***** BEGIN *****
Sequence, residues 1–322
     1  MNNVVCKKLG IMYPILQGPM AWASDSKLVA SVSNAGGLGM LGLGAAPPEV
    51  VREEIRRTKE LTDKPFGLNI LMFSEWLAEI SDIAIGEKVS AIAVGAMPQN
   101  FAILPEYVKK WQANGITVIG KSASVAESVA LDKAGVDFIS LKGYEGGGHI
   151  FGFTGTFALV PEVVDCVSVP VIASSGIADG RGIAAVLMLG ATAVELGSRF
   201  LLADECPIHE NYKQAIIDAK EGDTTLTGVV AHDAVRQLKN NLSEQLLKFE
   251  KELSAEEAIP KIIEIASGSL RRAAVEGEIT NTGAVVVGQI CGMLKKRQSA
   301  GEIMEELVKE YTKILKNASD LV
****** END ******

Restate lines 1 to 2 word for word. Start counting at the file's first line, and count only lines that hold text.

Sequence, residues 1–322
     1  MNNVVCKKLG IMYPILQGPM AWASDSKLVA SVSNAGGLGM LGLGAAPPEV